Paisley Rekdal on her selection:
Charming may not be a word commonly associated with Alexander Pope, but for me, "Epistle to Miss Blount, On Her Leaving the Town, After the Coronation" may be one of the most charming poems I know. Pope, famous for "The Rape of the Lock," and his exhaustingly didactic essay "A Man," delights with this epistolary poem—brief, by Popian standards—full of wit and life. Like all his poems, it displays a beautiful facility with rhyme and meter, (Pope was a master of the heroic couplet), and a beautiful sense of compassion to the young woman to whom it is addressed. In his poem, Miss Blount is subject to all sorts of whims and institutions—mother, aunt, the church, the squire. There are so many daydreams and visions enclosed inside "Epistle" that by the end of the poem, I'm almost lost inside its spell. Like Pope, I'm regretfully startled awake from this enchanting picture of Miss Blount, and want to return immediately to the poem’s beginning: to relive once more the few, evanescent moments in which Miss Blount is again young, willful, alive—a product both of Pope's attentive admiration, and mine.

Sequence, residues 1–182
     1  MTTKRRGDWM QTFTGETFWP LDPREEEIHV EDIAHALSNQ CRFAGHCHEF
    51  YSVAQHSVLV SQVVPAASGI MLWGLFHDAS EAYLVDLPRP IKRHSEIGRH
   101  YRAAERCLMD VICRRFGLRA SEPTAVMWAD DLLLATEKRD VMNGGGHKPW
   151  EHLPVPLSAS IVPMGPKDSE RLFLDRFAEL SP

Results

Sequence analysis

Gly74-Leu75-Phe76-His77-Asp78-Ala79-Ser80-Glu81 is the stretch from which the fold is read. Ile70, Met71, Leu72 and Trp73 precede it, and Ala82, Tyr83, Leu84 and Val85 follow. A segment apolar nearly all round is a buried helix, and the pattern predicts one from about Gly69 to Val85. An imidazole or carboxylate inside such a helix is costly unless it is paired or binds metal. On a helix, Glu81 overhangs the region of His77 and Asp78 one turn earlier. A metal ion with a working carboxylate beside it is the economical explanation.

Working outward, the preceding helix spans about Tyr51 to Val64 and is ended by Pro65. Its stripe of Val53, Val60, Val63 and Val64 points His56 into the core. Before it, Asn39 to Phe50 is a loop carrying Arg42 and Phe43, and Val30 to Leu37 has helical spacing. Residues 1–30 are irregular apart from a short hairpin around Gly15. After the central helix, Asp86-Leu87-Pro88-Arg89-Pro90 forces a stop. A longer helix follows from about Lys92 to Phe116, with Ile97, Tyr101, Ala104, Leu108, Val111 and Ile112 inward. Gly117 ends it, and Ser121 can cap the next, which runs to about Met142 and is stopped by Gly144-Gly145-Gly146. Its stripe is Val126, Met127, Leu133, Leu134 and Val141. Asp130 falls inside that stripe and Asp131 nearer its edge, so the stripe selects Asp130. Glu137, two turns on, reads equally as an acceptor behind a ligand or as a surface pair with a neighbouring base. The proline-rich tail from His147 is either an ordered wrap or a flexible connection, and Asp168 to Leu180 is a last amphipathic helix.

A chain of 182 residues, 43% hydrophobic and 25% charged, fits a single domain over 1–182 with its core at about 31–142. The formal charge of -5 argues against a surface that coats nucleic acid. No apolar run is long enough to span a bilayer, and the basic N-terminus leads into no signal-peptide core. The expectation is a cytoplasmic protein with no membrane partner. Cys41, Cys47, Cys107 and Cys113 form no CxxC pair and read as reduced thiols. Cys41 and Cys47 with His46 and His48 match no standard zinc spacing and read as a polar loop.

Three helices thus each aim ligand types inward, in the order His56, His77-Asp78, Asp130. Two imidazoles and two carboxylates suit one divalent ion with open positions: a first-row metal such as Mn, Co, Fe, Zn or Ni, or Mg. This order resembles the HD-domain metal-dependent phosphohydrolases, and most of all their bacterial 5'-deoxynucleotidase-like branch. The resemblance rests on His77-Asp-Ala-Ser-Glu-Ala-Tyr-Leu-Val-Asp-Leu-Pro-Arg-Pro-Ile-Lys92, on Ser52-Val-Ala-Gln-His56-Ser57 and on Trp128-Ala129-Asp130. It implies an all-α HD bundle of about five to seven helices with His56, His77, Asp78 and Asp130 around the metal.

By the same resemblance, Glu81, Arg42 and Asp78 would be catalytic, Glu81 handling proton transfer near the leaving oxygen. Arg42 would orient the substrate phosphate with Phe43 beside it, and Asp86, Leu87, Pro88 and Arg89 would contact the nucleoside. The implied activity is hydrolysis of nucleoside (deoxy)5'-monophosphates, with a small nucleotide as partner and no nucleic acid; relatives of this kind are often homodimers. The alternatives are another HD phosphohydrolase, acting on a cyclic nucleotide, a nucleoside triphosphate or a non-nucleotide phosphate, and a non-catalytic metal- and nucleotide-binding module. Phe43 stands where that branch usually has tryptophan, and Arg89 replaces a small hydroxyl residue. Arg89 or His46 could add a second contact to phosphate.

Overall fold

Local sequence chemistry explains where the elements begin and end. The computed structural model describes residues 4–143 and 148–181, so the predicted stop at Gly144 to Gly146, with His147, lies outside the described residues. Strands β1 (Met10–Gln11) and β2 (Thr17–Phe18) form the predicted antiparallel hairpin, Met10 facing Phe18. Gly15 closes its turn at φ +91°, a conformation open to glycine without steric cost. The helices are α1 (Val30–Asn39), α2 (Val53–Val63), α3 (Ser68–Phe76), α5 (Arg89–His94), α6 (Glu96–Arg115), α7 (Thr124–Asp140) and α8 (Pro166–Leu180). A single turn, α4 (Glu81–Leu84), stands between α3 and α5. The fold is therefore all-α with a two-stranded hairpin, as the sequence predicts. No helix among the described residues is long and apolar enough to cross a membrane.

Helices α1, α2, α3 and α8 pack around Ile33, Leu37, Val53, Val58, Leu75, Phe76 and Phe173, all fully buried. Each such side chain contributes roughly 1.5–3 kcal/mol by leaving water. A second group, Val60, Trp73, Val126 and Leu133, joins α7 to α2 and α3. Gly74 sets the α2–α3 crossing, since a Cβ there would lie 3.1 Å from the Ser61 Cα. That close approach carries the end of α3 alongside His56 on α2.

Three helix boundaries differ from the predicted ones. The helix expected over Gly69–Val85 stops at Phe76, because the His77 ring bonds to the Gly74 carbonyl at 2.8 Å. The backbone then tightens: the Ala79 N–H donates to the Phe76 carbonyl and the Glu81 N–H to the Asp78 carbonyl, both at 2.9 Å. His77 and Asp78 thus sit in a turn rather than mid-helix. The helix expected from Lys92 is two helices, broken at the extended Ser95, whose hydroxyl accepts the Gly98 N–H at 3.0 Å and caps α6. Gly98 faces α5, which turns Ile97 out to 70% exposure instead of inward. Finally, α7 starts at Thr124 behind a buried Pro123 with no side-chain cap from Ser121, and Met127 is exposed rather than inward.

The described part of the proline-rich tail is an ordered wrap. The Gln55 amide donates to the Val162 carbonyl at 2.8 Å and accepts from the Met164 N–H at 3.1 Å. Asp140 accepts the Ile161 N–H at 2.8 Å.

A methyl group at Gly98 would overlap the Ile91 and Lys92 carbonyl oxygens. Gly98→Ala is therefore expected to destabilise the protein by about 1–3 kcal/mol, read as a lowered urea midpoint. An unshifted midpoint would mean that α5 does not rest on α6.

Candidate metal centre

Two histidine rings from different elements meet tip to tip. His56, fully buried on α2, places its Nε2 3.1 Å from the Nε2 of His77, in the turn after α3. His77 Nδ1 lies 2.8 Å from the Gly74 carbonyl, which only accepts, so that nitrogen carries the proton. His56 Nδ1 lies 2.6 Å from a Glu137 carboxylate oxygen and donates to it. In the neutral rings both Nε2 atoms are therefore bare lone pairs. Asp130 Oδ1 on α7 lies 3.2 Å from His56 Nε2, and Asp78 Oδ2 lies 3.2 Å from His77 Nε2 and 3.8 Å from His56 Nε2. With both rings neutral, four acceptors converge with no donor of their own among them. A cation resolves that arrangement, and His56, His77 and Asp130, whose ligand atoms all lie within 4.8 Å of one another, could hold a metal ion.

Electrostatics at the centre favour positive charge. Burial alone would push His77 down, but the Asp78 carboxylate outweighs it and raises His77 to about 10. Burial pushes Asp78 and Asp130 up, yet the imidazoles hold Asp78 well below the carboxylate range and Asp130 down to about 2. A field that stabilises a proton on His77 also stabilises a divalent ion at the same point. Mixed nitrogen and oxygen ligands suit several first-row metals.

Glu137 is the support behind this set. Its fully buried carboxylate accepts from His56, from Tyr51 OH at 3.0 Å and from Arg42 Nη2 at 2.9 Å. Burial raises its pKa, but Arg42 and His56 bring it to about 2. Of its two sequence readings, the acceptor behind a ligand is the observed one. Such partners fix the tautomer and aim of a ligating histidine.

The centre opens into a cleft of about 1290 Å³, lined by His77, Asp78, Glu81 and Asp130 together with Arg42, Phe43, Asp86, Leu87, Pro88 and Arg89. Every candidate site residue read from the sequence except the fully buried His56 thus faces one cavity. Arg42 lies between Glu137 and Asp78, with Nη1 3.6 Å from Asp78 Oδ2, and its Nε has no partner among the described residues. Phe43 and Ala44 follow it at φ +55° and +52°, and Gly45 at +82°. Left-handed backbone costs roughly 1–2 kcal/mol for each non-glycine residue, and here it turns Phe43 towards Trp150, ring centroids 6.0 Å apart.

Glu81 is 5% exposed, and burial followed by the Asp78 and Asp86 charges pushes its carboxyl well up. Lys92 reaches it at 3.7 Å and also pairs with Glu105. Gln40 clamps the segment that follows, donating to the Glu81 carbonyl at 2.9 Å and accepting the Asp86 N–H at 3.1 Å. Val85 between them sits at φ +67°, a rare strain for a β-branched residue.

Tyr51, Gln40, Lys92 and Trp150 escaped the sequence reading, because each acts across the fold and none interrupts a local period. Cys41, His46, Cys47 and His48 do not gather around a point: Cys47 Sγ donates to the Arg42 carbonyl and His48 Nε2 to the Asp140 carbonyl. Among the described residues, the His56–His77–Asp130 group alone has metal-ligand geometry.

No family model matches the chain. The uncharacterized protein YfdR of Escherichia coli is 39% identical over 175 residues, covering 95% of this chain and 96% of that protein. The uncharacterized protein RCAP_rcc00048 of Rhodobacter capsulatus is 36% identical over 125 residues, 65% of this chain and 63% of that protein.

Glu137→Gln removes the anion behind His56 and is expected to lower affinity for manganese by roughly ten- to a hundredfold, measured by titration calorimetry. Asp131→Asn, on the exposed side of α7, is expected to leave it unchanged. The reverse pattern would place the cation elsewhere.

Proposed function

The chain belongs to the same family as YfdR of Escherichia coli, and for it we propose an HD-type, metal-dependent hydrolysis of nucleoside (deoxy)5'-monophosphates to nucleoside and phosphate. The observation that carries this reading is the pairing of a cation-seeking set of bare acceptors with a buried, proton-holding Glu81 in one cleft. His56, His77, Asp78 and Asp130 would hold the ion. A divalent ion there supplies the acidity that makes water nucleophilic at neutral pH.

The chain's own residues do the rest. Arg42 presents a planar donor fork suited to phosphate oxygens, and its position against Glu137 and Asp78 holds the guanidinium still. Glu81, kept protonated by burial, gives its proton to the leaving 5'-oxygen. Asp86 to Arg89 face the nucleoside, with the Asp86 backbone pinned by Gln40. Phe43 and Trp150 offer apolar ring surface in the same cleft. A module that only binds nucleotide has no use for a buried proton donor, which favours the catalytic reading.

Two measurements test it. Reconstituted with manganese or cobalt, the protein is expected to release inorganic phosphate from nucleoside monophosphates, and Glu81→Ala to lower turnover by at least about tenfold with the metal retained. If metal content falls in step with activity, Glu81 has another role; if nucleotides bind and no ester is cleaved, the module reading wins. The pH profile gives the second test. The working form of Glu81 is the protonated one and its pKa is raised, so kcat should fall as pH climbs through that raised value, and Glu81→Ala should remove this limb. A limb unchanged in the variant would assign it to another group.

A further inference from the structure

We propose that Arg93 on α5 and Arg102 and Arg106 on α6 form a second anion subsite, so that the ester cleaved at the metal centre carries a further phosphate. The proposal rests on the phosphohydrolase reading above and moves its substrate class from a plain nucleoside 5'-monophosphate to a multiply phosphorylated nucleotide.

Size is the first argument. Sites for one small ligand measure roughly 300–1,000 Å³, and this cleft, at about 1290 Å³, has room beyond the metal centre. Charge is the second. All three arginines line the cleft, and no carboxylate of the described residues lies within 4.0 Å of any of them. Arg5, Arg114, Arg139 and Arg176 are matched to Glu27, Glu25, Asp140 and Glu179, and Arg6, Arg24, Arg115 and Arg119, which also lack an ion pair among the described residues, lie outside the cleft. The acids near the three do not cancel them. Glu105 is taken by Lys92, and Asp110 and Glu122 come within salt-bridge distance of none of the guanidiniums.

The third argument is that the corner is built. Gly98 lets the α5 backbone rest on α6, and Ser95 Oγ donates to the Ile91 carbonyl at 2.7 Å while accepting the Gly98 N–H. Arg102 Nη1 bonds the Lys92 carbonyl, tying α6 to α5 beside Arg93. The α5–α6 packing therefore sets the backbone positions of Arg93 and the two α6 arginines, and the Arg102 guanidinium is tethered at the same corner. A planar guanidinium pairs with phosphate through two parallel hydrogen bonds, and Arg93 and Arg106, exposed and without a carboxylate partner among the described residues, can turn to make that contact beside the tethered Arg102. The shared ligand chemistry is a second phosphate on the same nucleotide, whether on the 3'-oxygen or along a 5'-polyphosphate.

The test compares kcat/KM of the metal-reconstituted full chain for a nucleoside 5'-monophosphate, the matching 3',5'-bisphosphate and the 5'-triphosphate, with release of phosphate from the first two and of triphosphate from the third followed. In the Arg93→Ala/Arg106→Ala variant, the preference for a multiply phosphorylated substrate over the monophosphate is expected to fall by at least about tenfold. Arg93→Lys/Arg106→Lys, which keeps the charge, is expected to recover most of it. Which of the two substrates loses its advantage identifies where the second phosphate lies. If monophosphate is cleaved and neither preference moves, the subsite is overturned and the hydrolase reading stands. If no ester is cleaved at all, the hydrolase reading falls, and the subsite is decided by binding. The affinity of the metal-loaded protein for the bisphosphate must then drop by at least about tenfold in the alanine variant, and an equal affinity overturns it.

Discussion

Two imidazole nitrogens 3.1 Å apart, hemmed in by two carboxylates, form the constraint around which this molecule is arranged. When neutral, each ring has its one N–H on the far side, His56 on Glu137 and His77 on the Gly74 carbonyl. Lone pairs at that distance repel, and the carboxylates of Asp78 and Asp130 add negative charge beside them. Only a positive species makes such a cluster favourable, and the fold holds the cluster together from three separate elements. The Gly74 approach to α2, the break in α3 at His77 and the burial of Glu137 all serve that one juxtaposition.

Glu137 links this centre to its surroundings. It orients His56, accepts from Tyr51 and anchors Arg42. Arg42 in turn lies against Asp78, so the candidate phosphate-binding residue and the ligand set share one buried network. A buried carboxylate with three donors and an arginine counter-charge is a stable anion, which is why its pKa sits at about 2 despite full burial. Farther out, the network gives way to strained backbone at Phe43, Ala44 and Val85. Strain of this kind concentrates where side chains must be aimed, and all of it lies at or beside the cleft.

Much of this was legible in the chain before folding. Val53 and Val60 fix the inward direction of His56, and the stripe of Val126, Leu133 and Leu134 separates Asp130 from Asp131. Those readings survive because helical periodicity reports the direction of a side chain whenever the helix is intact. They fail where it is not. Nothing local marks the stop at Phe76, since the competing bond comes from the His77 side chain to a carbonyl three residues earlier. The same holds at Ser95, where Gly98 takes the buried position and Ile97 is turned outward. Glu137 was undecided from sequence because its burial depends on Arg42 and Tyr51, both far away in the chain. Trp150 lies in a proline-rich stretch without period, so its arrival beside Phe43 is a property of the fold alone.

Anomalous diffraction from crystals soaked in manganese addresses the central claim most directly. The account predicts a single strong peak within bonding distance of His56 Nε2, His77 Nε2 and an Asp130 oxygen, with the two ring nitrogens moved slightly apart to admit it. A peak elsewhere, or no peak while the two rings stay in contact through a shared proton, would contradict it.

Alexander Pope, "Epistle to Miss Blount, On Her Leaving the Town, After the Coronation"
Music: "Shift of Currents" by Blue Dot Sessions // CC BY-NC 2.0
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